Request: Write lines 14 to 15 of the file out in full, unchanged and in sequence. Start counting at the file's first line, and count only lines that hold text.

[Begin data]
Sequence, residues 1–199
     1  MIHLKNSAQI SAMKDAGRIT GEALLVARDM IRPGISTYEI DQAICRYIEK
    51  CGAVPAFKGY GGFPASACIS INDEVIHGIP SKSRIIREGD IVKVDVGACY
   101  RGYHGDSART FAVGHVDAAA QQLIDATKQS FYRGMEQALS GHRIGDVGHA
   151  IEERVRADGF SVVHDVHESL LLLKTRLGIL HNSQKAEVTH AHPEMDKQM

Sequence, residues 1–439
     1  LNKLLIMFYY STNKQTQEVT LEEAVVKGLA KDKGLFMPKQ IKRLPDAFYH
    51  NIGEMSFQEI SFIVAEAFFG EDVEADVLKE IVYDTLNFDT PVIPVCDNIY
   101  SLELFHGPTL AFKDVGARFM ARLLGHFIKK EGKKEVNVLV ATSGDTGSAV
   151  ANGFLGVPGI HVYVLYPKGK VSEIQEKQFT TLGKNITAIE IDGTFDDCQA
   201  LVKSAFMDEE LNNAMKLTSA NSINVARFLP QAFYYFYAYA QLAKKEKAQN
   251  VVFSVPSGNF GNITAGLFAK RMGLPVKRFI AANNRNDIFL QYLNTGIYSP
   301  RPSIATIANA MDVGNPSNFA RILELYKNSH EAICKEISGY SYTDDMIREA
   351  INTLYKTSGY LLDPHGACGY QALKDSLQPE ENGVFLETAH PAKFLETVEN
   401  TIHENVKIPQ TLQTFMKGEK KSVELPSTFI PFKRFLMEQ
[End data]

   351  INTLYKTSGY LLDPHGACGY QALKDSLQPE ENGVFLETAH PAKFLETVEN
   401  TIHENVKIPQ TLQTFMKGEK KSVELPSTFI PFKRFLMEQ